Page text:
Thursday, August 02, 2001
New civil service policies on ballot
Manager could go outside to hire police, fire chiefs
By Howard Wilkinson
The Cincinnati Enquirer
Cincinnati voters will decide this fall whether the city manager will have considerably more power over city division heads, including the police and fire chiefs.
A compromise plan for extensive change in Cincinnati's civil service laws was passed on a 9-0 vote by Cincinnati City Council Wednesday. The vote sends the charter amendment to the Nov. 6 ballot.
Proposed by council members Pat DeWine and Alicia Reece, with help from the co-chairs of Cincinnati Community Action Now (CAN), the charter amendment would take the jobs of 98 senior management people in Cincinnati government out of civil service protection and have them serve at the pleasure of the city manager.
It would include all division heads and all professional employees of the Economic Development and Neighborhood Services departments.
But, in a move to gain support from council members who feared a wholesale housecleaning would come when the new council is elected and a new city manager is appointed, the people who now hold those jobs will remain classified employees.
The change would only take place when those jobs become open through retirement or resignation.
No one is getting everything he or she wants in this plan, but it is a plan we can all get behind, said Mr. DeWine. He had his own plan that would have taken about another 100 city management people those serving one level below division heads and made them unclassified employees.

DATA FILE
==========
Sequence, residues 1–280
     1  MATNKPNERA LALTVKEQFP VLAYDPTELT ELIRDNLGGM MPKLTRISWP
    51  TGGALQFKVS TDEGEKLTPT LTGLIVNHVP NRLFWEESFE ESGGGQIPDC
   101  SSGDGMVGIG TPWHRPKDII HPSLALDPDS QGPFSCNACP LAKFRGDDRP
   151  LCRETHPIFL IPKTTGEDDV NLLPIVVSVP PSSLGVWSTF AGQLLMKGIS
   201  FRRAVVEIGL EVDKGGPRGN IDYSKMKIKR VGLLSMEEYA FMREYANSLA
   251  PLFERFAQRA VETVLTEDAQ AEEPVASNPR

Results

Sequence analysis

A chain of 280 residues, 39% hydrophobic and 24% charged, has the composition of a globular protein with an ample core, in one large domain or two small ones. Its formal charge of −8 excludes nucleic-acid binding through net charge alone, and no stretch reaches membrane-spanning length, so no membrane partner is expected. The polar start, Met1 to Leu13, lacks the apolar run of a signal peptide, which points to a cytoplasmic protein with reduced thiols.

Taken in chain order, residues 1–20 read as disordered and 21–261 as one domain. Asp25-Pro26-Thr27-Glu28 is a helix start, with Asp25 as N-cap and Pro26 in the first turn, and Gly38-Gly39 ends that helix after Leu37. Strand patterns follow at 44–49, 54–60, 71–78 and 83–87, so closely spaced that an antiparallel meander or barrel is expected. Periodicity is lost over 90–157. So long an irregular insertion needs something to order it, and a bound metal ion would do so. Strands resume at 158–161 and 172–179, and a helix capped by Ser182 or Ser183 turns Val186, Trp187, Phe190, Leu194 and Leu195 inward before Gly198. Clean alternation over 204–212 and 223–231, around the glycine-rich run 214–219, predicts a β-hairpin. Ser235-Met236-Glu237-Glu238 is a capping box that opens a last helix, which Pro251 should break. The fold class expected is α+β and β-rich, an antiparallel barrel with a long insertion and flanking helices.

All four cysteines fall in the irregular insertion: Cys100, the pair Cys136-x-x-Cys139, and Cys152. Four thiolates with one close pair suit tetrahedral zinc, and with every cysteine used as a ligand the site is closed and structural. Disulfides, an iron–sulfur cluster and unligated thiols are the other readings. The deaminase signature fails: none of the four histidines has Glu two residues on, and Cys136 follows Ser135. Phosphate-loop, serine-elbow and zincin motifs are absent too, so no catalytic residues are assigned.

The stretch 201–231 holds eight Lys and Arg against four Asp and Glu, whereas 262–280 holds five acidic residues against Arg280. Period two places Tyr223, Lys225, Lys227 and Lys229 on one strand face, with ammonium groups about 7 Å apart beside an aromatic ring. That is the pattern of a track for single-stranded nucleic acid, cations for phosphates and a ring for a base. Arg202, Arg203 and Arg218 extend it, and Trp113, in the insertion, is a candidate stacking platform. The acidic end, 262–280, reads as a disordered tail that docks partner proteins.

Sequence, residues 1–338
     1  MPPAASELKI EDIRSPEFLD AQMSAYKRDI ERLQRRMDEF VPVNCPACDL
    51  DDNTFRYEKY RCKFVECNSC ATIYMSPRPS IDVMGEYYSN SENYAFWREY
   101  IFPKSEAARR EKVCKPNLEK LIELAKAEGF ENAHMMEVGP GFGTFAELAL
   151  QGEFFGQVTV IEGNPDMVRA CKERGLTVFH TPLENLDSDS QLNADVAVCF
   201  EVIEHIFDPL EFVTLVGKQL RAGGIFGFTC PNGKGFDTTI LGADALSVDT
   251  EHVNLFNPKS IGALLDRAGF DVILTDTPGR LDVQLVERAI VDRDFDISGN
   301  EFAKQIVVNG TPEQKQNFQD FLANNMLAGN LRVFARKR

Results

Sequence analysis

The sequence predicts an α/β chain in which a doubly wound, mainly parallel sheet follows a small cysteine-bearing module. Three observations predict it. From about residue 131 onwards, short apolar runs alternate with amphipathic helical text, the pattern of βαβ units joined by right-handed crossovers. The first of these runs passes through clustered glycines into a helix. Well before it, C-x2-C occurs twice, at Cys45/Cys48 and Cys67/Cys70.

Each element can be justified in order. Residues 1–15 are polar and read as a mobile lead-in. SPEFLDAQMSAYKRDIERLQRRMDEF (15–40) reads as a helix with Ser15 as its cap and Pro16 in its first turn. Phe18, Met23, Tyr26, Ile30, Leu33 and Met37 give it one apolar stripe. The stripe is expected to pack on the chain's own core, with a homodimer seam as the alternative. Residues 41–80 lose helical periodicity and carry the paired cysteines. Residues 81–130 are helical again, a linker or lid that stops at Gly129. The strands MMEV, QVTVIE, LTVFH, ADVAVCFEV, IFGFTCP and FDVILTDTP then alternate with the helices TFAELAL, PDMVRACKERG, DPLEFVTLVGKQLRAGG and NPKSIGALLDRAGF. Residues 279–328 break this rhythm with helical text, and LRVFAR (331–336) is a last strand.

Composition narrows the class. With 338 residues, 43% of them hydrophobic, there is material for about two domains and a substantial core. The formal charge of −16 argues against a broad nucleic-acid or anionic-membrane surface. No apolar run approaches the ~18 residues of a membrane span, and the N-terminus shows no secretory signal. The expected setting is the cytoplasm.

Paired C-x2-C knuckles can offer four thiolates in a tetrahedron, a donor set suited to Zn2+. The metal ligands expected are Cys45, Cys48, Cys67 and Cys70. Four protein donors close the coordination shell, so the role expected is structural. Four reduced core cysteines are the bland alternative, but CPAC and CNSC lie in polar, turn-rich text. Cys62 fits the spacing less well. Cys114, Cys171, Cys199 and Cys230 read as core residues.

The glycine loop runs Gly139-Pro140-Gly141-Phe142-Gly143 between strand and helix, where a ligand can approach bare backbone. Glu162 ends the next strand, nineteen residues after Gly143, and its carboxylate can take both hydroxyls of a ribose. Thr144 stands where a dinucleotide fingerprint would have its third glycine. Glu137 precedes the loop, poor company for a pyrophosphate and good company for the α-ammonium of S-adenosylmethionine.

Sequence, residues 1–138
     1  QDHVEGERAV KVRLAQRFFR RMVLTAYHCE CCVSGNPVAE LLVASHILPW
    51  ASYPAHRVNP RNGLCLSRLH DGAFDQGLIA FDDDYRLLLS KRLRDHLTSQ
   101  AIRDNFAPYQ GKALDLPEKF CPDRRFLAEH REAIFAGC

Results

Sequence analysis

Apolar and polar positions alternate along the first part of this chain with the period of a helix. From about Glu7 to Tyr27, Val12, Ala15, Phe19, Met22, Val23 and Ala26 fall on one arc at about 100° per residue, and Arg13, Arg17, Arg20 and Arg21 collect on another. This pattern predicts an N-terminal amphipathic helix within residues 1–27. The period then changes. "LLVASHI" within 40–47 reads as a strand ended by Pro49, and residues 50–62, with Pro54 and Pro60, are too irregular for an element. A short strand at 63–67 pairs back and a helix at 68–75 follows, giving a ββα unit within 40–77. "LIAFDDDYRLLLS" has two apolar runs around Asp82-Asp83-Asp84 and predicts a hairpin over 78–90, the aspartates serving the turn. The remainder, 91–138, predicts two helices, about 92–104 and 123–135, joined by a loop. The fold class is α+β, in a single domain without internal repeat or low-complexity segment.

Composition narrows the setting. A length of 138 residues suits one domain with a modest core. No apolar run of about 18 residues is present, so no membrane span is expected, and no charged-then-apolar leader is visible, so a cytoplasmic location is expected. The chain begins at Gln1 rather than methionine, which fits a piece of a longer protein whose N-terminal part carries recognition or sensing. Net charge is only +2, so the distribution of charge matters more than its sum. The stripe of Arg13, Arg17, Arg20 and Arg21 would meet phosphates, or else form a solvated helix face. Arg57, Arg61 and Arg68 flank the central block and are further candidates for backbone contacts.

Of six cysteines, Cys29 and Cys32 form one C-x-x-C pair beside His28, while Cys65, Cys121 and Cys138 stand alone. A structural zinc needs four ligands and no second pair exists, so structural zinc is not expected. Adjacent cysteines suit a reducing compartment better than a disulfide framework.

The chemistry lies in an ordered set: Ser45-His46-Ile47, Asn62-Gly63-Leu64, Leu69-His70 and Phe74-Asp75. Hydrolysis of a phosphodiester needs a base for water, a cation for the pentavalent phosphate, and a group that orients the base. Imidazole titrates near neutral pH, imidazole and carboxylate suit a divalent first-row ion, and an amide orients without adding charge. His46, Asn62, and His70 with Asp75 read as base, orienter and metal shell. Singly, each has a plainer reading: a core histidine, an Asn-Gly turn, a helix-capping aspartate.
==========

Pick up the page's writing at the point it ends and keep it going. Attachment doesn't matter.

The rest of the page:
The plan approved by council on Wednesday does not go as far as Mr. DeWine had wanted, but it goes further than an alternative plan pushed by Vice Mayor Minette Cooper.
Ms. Cooper's plan dealt only with the police and fire chiefs and their assistants. It would have allowed the city manager to go outside the city police and fire divisions to hire chiefs and assistant chiefs.
The Cooper plan was included in the charter amendment approved by council Wednesday, with an extra provision that Councilman Phil Heimlich wanted. Police and fire chiefs could only be fired for cause dishonesty, incompetence, insubordination and could ask for a public hearing on the firing.
Many African-Americans wanted the change allowing for outside applicants for the chief positions, saying it would increase the chances of Cincinnati having a black police chief. The city has a black fire chief.
Opposition to civil service reform came mainly from organized labor, particularly the unions representing city workers. Mark Sanders, president of Cincinnati Firefighters Local 48, argued to council that no change is necessary in the civil service system.
Ms. Cooper said she was willing to go beyond her proposal on police and fire chiefs to get something done.
The three co-chairmen of Cincinnati CAN, a race-relations panel formed by Mayor Charlie Luken after the April riots, worked behind the scenes to persuade all council members to accept the compromise.
In order to bring about healing in the community, we cannot have a static system of government, said the Rev. Damon Lynch III, a Cincinnati CAN co-chairman.
Cincinnati CAN co-chairman Ross Love said the plan is not about cleaning house at city hall.
This is about getting the structure of city government in place for the long term, Mr. Love said.
The present division heads all 48 of them will not become unclassified employees if the ballot issue passes this fall.
But Mr. Luken expects some to resign or retire as a normal course of events.
The plan approved by council Wednesday, Mr. Luken said, is about compromise. This is about leaving our differences at the door. It's a good thing.
Courtis Fuller, Mr. Luken's main opponent in the Sept. 11 mayoral primary, called the revised civil service plan a reasonable compromise.
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